"Heli-Ben" Cash: A sad day for Japan, and for Capitalism...

I am finally getting time here to circle back and re-read the joint statement made by the consortium of central bankers who dropped cash from “Heli-Ben” choppers this morning...

Repeating what they did is not the point of this note. Reminding you what Japan COULD NOT do is, however.

The Japanese central bankers "welcomed changes, but kept rates unchanged."

I bet they “welcomed change”. The Japanese are in a politicized box of negative real rates and have zero flexibility to do anything else. This is the central problem associated with the market’s respective US Fed and global central banking manias altogether. Market participants do not respect history. Cutting interest rates to zero (or negative) on a real basis ends up putting your country in a sad sad place.

I don't have to have my office across the street from the Yale Economics department to remind you of Economics 101 here. If you are Japan, you are the equivalent of a man standing on the shore waiving aimlessly at capitalist boats as they engage in free market trade warfare. No one is going to come to your shores and invest if you don’t issue them some positive rate of return.

Having a compromised and constrained country balance sheet is the result of this manic behavior. That's why the USA needs to wake up and smell the coffee here and raise interest rates, or else our Titanic lender (China) is going to be leaving Americas shores for good.

The current Bush administration clearly doesn’t get this. They are too busy reacting to economic scenarios that they didn’t proactively prepare for. Obama is going to have to bring in Volcker and get all hands on the USS Capitalism’s deck again.
KM

Cartoon of the Day: Bulls Leading the People

Investors rejoiced as centrist Emmanuel Macron edged out far-right Marine Le Pen in France's election day voting. European equities were up as much as 4.7% on the news.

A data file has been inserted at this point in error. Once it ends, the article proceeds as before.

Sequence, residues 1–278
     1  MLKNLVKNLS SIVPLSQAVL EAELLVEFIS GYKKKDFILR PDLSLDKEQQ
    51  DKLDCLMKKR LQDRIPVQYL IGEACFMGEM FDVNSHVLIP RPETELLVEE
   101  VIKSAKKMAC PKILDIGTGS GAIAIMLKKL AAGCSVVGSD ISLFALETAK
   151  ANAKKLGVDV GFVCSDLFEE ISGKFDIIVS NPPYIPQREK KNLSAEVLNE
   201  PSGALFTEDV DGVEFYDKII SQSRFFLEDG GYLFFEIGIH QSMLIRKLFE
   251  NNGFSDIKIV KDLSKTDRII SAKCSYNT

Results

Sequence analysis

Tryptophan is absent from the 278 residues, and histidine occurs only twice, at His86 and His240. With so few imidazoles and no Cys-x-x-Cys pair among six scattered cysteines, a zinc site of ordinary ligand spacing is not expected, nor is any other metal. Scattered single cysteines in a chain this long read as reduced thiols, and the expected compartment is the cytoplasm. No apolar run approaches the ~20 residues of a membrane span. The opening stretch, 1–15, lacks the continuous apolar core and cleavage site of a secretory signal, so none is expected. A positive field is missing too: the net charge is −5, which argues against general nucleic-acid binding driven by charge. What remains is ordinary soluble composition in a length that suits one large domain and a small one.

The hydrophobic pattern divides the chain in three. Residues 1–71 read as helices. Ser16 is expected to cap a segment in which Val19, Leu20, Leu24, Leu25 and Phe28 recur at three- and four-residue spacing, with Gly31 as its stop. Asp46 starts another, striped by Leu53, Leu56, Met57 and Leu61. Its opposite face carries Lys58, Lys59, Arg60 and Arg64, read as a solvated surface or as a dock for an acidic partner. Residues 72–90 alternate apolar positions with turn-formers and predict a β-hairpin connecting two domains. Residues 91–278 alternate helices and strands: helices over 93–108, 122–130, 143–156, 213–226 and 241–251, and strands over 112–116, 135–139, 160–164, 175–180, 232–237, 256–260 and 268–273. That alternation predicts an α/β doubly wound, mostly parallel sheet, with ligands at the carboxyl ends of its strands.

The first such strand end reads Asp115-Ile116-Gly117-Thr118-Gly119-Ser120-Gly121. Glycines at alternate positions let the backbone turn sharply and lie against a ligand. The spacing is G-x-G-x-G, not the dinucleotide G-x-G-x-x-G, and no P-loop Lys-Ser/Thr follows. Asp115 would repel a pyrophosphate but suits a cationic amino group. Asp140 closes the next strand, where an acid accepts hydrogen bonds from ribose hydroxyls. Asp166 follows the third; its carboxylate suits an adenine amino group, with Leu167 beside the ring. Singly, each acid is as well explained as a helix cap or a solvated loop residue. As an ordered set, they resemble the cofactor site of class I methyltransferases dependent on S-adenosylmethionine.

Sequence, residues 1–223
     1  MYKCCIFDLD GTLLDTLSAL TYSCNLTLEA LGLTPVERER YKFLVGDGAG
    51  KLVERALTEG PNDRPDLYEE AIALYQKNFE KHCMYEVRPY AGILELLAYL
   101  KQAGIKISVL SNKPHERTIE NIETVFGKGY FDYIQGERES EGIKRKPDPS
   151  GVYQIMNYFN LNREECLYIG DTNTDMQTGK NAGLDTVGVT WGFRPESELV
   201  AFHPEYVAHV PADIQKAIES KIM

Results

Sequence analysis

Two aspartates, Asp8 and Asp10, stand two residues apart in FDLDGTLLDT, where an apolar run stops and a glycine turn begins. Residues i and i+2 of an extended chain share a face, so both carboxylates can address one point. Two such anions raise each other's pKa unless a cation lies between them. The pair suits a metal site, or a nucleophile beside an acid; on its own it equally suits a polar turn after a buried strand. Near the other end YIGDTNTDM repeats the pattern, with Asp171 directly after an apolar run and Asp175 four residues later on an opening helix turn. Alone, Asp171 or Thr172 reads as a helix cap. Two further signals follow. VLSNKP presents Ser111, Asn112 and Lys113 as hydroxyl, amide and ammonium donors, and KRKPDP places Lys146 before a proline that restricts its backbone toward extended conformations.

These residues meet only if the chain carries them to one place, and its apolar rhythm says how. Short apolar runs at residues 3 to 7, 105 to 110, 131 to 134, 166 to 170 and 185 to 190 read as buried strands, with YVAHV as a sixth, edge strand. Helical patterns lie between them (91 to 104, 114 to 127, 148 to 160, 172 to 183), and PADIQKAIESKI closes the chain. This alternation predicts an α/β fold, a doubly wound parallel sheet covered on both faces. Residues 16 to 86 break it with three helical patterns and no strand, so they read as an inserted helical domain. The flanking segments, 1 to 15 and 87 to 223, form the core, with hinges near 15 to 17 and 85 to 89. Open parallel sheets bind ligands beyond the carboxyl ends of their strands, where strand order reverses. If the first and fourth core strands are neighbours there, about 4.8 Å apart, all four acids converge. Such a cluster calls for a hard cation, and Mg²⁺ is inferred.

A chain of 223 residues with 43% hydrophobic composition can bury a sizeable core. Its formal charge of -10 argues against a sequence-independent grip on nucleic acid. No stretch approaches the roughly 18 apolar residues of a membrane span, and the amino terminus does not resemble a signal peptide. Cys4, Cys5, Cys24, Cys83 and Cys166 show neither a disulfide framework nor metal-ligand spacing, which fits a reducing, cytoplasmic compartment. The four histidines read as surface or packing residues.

read more

McCullough: ‘This Crazy Stat Drives Stock Market Bears Nuts’

If you’re short the stock market today, and your boss asks why is the Nasdaq at an all-time high, here’s the only honest answer: So far, Nasdaq company earnings are up 46% year-over-year.

read more

Who's Right? The Stock Market or the Bond Market?

"As I see it, bonds look like they have further to fall, while stocks look tenuous at these levels," writes Peter Atwater, founder of Financial Insyghts.

read more

Poll of the Day: If You Could Have Lunch with One Fed Chair...

What do you think? Cast your vote. Let us know.

read more

Are Millennials Actually Lazy, Narcissists? An Interview with Neil Howe (Part 2)

An interview with Neil Howe on why Boomers and Xers get it all wrong.

read more

6 Charts: The French Election, Nasdaq All-Time Highs & An Earnings Scorecard

We've been telling investors for some time that global growth is picking up, get long stocks.

read more

Another French Revolution?

"Don't be complacent," writes Hedgeye Managing Director Neil Howe. "Tectonic shifts are underway in France. Is there the prospect of the new Sixth Republic? C'est vraiment possible."

read more

Cartoon of the Day: The Trend is Your Friend

"All of the key trending macro data suggests the U.S. economy is accelerating," Hedgeye CEO Keith McCullough says.

read more

A Sneak Peek At Hedgeye's 2017 GDP Estimates

Here's an inside look at our GDP estimates versus Wall Street consensus.

read more

Cartoon of the Day: Green Thumb

So far, 64 of 498 companies in the S&P 500 have reported aggregate sales and earnings growth of 6.1% and 16.8% respectively.

read more

Europe's Battles Against Apple, Google, Innovation & Jobs

"“I am very concerned the E.U. maintains a battle against the American giants while doing everything possible to sustain so-called national champions," writes economist Daniel Lacalle. "Attacking innovation doesn’t create jobs.”

read more

An Open Letter to Pandora Management...

"Please stop leaking information to the press," writes Hedgeye Internet & Media analyst Hesham Shaaban. "You are getting in your own way, and blowing up your shareholders in the process."

read more